Search tips
Search criteria 


Logo of nanomatLink to Publisher's site
Nanomaterials (Basel). 2015 June; 5(2): 737–749.
Published online 2015 May 5. doi:  10.3390/nano5020737
PMCID: PMC5312912

Synthesis, Characterization and Gas Sensing Properties of Ag@α-Fe2O3 Core–Shell Nanocomposites

Thomas Nann, Academic Editor


Ag@α-Fe2O3 nanocomposite having a core–shell structure was synthesized by a two-step reduction-sol gel approach, including Ag nanoparticles synthesis by sodium borohydride as the reducing agent in a first step and the subsequent mixing with a Fe+3 sol for α-Fe2O3 coating. The synthesized Ag@α-Fe2O3 nanocomposite has been characterized by various techniques, such as SEM, TEM and UV-Vis spectroscopy. The electrical and gas sensing properties of the synthesized composite towards low concentrations of ethanol have been evaluated. The Ag@α-Fe2O3 nanocomposite showed better sensing characteristics than the pure α-Fe2O3. The peculiar hierarchical nano-architecture and the chemical and electronic sensitization effect of Ag nanoparticles in Ag@α-Fe2O3 sensors were postulated to play a key role in modulating gas-sensing properties in comparison to pristine α-Fe2O3 sensors.

Keywords: Ag@α-Fe2O3, core–shell, nanocomposite, synthesis, gas sensor, ethanol

1. Introduction

Due to peculiar properties originated from their individual phases, composite materials are of special interest. Among different structures of composites, recently a lot of interest in core–shell nanocomposites, in which a core is coated with a shell, has arisen due to their unique advantages, such as stability, high catalytic activity, controllable compositions/structure, etc. and potential applications in fields such as catalysis, optics, biotechnology and gas sensors [1]. For gas sensing application, metal oxide@metal oxide core–shells have attracted great interest because of the different combination of n-type and p-type metal oxides such as n-n, n-p or p-p can leads to synergetic effects that enhance gas sensing properties. However, recent investigations about metal@metal oxide core–shell as gas sensor have suggested that combination of metal (core) and metal oxide (shell) structure can enhance the sensitivity of gas sensor [2,3]. For example Zhu et al. [4] reported an ethanol gas sensor using Ag@TiO2 that showed higher sensing properties in comparison with pure TiO2. In fact from practical point of view when metal is as a core it not affected by surrounding medium and consequently corrosion or dissolution metal will not occur. Furthermore, because metal is as a core, it will not decrease effective surface area of metal oxide for sensing application. Accordingly, core–shells with metal core and semiconductor shell become increasingly among the strongest candidates as sensor due to their controllable chemical and colloidal stability within the shell and charge transfer between the metal core and semiconductor [5,6].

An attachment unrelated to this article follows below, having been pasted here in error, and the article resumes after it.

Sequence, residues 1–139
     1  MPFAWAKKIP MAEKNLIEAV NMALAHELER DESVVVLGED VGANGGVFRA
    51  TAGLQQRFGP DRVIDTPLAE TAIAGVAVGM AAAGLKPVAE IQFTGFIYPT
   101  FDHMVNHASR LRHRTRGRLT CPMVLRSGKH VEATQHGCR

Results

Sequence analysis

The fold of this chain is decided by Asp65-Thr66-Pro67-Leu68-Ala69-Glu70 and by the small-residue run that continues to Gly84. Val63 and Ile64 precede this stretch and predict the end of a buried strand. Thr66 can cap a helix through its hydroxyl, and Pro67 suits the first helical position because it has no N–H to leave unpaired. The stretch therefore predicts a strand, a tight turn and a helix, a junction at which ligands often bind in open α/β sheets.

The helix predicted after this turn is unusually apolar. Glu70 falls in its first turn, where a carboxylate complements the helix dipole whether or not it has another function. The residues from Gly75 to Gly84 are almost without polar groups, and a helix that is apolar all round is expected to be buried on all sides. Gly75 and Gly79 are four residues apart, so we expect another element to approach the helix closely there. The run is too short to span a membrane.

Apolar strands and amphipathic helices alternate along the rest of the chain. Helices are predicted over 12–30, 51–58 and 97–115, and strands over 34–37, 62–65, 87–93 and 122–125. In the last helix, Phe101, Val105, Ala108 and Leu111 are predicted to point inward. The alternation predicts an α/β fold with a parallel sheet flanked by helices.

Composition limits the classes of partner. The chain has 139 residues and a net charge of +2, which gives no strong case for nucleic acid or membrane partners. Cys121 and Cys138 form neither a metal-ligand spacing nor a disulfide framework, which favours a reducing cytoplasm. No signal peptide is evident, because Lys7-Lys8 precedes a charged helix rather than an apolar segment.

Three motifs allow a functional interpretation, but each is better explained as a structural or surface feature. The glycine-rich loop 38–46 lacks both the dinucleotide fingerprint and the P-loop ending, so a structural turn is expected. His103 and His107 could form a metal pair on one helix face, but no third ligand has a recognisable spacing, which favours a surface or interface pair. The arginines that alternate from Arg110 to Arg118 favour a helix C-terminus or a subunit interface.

Among the different combinations of metal@metal oxide core–shell composites, Ag@Fe2O3 is very interesting: α-Fe2O3 (hematite) is not only one of the cheapest semiconductor materials (n-type, Eg = 2.1 eV) available, but also is one of the most environmental friendly semiconductors. Thanks to its low cost, high resistance to corrosion, and nontoxicity properties, this most stable iron oxide has been traditionally used as catalysts, pigments, electrode materials and gas sensor [7,8,9]. Regarding gas sensor applications, there are many reports about α-Fe2O3 nanostructures [10,11] and many researchers have tried to enhance gas sensing properties of iron oxide using different strategies such as doping with metals [12], composite with another metal oxide [13] and synthesis of different morphologies [11]. Ag as a core is the cheapest available noble metal and displays excellent thermal conductivity properties, and its electrical conductivity is the best amongst other excellent candidate metals like Cu, Al and Au [14].